German Chancellor Angela Merkel has warned that a trade war between the US and the rest of the world may lead to a global financial crisis. Speaking at the German parliament on Wednesday, she warned that consequences of US tariffs on cars from Europe would prove ‘much more serious’ than the duties imposed on steel and aluminium.
The Trump administration has put tariffs in place on imports of aluminium and steel from the EU and is considering adding a similar import duty on cars and trucks as well as automotive parts.
Such a policy of taxing car imports to the US would hit Germany hard, as it has a large automotive manufacturing sector. Negotiators from the European Union will attempt to reach a deal with the US government later this month, including Jean-Claude Juncker, Head of the EU’s Executive Commission.
Merkel said: “The international financial crisis, which ensured that we now act in the framework of the G20, would never have been resolved so quickly, despite the pain, if we hadn’t cooperated in a multilateral fashion in the spirit of comradeship. This has to happen.’
She added that the situation has developed into a trade conflict already and stressed that the conflict needs to be defused so that it does not become a full-scale war. ‘It is worth every effort to try to defuse this conflict so that it doesn’t turn into a real war, but of course there are two sides to that,’ she said.
Merkel emphasised that the European Union is making every effort to avoid a trade war with the increasingly protectionist US and pointed out Germany’s commitment to raising defence spending in line with US wishes. She continued by saying that the world economy’s ongoing efficiency depends on partnerships between countries while questioning the wisdom of gauging surplus and deficit figures solely by trade in goods. She said that if the cost of digital services were included in trade figures, then there would be a likelihood of the US having a surplus with the EU. She said: ‘It is almost old-fashioned only to count goods and not to count services.’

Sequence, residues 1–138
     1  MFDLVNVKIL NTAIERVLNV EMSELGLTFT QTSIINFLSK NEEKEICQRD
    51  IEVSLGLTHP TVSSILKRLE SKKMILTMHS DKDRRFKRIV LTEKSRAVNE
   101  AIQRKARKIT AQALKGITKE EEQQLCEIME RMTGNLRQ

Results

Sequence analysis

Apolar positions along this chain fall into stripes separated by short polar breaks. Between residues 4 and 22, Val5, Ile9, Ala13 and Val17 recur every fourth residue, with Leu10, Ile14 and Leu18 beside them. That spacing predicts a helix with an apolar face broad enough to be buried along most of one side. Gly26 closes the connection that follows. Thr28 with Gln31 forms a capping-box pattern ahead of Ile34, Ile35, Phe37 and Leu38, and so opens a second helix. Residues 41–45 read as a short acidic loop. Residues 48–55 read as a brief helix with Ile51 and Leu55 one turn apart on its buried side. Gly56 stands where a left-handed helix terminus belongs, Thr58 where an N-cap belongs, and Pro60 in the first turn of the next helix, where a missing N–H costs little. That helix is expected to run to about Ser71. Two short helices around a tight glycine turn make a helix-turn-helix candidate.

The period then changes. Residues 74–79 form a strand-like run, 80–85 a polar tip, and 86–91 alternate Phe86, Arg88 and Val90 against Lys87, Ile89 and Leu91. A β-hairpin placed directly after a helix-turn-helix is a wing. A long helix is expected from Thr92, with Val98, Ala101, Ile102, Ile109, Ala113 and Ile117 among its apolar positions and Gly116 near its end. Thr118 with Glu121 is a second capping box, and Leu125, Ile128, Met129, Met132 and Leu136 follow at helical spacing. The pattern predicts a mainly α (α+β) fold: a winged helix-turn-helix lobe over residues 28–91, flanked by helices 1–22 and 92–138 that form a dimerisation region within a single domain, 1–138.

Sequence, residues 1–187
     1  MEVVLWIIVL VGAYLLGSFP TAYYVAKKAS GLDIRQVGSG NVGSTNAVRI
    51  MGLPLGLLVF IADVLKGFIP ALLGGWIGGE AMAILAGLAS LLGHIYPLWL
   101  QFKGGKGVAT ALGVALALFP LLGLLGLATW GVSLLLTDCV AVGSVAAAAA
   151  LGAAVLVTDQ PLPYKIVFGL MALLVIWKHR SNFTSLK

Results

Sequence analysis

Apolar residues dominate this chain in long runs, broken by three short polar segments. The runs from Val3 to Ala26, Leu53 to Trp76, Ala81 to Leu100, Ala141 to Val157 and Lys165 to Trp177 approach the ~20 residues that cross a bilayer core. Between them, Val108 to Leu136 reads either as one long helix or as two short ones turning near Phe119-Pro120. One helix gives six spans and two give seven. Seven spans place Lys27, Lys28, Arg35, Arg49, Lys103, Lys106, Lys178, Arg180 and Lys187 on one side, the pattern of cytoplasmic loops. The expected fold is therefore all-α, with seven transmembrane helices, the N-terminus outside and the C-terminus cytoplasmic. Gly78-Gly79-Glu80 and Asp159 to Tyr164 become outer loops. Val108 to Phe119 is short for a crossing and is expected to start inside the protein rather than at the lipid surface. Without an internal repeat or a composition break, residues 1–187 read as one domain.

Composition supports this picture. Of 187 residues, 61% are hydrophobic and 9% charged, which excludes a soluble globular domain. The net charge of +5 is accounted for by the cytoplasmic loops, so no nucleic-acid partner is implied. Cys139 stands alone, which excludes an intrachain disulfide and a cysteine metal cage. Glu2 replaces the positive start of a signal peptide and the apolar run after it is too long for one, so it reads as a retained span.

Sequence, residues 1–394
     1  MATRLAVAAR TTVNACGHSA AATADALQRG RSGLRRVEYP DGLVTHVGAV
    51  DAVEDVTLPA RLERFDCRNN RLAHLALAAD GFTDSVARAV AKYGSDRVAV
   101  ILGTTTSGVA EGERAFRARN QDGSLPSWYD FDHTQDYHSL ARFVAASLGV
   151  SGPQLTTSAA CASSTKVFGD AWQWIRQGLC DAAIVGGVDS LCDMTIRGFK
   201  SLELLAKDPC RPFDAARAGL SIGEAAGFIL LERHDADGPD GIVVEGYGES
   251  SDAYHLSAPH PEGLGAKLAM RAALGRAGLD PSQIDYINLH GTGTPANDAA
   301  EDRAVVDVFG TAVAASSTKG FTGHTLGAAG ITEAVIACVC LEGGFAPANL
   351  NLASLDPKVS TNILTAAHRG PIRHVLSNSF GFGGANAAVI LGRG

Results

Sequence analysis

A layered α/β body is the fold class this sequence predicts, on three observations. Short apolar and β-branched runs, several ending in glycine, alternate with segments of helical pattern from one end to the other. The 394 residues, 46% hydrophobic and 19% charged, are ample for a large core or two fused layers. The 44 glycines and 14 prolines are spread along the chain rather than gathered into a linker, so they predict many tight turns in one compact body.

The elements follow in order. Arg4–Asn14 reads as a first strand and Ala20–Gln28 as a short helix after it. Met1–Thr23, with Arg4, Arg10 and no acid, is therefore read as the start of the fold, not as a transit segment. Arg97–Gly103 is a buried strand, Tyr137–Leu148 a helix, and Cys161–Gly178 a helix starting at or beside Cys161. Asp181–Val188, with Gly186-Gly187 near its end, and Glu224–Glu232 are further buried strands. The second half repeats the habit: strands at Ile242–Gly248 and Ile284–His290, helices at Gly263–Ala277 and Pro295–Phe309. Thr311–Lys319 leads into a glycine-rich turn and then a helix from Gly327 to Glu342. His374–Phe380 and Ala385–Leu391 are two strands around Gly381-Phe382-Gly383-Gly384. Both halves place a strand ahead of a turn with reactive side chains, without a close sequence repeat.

The US has been pressing Germany in recent months over what it sees as inadequate defence spending. In May, German defence minister Ursula von der Leyen said that the German government plans gradual increases in defence spending over the coming years. Defence spending was as low as 1.1% of GDP in 2015, and the current plan is to increase this to 1.3% of GDP by next year. Germany’s current defence spending is 1.24% of GDP. Von der Leyen said: ‘We will notify the NATO summit in Brussels that we want to reach defence expenditure of 1.5% of GDP in 2025.’
The US is likely to remain unimpressed with this level of defence spending, as the target that NATO countries have committed to over the next ten years is 2% of GDP. US President Donald Trump has repeatedly said that he is not satisfied with the German military budget allocation. Merkel, who is also under pressure to raise military spending from the Germans, defended her government’s position, saying that ‘Germany is a reliable partner in NATO. We are the second-biggest troop provider; we participate in many missions, and Germany will remain a reliable partner in NATO.’
Official surveys in Germany have reportedly found that the Bundeswehr is in a poor state. The German military has been hit by repeated budget cuts since the fall of the Berlin Wall, and this has resulted in a lack of funds to support personnel and equipment.